Pools of water on New Block Paved Driveway

Postby markineke » Fri May 28, 2010 12:32 pm

I had my large driveway block paved 8 months ago and after any substantial rain, large pools of water form in the same two or three areas, around the middle of the driveway. These can take up to four hours to disperse. My installer then fitted two small drains in the vacinity of the pools but these have had no effect as the water does bnot drain towards them. I believe that my installer is becoming a little tired with the problem and I am preparing myself for 'battle'. I would appreciate any advice on what preparations should have been taken to ensure sufficient drainage to the sides of the driveway!
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Simply Build It

Postby htg engineer » Sat May 29, 2010 7:28 pm

Basically there shouldn't be any dips in the paving where water can gather, the whole drive should slope slightly away from the house - the drive hasn't been laid properly.

My block paved drive is about 6m X 9m and I don't get any pools of water on mine.

Block paving is normally laid on dolomite and sand with silica sand brushed in, so there's nothing to stop natural drainage.

htg engineer
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Postby elwood » Mon May 31, 2010 3:42 pm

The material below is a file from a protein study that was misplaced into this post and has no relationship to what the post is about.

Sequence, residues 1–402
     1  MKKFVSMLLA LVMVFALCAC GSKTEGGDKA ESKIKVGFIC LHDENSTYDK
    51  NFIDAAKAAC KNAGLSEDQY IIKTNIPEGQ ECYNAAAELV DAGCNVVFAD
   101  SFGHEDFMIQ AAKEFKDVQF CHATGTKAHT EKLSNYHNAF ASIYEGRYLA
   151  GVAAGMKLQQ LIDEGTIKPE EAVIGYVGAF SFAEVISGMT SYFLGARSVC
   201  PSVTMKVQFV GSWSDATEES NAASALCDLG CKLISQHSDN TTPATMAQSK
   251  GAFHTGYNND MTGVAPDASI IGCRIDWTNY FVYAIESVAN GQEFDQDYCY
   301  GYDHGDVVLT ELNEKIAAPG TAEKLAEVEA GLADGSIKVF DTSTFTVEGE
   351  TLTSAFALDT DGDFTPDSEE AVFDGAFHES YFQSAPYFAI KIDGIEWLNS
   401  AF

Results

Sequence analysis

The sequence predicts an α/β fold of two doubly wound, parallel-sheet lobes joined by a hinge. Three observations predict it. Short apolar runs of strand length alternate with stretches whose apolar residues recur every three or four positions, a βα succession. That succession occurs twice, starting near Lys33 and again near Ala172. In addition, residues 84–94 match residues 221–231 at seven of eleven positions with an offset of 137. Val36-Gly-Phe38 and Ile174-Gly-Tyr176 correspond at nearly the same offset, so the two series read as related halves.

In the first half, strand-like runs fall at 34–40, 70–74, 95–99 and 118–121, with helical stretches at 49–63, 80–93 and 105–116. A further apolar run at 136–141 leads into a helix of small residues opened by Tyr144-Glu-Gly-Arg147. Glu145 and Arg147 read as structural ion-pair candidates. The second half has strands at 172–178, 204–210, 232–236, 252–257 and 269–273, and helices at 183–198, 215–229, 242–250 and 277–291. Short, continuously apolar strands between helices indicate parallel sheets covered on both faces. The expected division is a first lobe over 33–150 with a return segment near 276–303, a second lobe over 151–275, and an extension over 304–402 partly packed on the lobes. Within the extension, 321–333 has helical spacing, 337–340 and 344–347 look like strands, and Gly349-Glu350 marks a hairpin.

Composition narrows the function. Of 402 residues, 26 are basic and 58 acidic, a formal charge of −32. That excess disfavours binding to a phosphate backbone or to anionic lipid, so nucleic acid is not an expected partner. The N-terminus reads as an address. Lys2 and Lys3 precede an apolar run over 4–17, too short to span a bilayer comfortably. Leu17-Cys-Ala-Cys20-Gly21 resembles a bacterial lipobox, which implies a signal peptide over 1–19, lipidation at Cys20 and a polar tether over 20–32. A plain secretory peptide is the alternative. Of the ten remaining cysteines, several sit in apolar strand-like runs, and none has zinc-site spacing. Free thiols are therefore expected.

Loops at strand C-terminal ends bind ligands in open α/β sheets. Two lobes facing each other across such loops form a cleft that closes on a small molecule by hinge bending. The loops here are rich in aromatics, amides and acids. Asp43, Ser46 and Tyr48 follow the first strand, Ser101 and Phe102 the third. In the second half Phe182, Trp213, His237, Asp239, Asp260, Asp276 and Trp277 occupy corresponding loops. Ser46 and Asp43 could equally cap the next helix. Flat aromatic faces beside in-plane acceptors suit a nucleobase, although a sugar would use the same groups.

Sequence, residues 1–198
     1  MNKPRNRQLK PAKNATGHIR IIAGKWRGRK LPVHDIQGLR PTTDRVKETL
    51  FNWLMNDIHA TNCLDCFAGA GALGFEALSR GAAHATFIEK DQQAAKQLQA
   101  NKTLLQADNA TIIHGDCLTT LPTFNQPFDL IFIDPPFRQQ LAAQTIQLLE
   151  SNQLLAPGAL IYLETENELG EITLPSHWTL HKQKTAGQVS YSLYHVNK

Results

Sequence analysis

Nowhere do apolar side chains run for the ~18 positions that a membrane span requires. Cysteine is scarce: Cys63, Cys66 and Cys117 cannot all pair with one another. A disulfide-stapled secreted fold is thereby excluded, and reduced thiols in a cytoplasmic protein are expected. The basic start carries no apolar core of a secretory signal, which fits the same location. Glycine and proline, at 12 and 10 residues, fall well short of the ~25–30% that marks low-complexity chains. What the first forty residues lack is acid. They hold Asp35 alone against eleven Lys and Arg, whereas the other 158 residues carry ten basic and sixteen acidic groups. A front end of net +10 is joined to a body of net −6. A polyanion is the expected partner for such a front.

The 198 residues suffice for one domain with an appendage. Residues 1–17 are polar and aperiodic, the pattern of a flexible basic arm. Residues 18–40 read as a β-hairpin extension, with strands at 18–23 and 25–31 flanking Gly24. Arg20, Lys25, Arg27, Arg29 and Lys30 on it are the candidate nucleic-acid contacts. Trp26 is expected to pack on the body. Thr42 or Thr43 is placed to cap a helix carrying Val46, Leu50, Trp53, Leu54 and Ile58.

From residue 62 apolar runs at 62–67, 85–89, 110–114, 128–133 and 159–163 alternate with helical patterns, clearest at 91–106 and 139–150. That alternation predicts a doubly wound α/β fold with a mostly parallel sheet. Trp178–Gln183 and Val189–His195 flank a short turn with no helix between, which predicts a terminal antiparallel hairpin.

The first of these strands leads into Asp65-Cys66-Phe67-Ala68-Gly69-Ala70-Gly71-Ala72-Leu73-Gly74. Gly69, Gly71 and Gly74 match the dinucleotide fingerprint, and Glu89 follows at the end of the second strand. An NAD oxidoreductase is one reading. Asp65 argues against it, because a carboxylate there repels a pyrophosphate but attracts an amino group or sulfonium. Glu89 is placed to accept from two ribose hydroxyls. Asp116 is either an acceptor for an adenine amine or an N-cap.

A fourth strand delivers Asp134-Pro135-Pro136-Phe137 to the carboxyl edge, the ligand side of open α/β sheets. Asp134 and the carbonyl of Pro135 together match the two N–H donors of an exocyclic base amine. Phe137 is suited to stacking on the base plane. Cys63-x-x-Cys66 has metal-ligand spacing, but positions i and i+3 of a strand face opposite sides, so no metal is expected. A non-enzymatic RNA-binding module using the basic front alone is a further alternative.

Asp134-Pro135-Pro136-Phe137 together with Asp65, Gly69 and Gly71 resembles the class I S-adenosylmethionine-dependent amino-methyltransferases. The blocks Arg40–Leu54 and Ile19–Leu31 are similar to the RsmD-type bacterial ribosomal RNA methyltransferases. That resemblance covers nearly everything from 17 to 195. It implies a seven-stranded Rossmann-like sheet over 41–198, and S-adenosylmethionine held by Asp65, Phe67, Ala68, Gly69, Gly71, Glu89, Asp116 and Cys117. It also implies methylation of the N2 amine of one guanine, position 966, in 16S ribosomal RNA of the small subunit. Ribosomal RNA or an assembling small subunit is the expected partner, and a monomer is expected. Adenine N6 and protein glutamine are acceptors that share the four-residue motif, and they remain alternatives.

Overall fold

Providing your drive has adequate falls you should not have any puddles.

But if you have a few "low" spots it's not to hard to correct,just ask your contractor if he could lift, rescreed the sand, relay the paving, sweep in kiln dry sand and whack few hours work max.

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Postby brithebuilder » Tue Jun 01, 2010 7:17 pm

It sounds as if the drive hasn't been set out properly. Normally the paving should be laid to a fall of 1:60 to 1:100 minimum and water would not have a chance to collect in slight irregularities if these overall falls are maintained.
You say that the installer has fitted drains but where do these drains run to ?
Most importantly, if the drive is at the front of the property and was installed 8 months ago then it must comply with new planning regulations introduced in October 2008 which state that rainwater must drain directly to the garden or into drains connected to a soakaway otherwise the construction of the drive should allow it to be permeable. If these conditions are not met then planning approval is required for the drive.
Normal paving is not permeable, due to the fines in the sub base and the laying bed becoming impervious after compaction.
Regards Bri
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Postby TheDoctor4 » Mon Jun 28, 2010 6:38 pm

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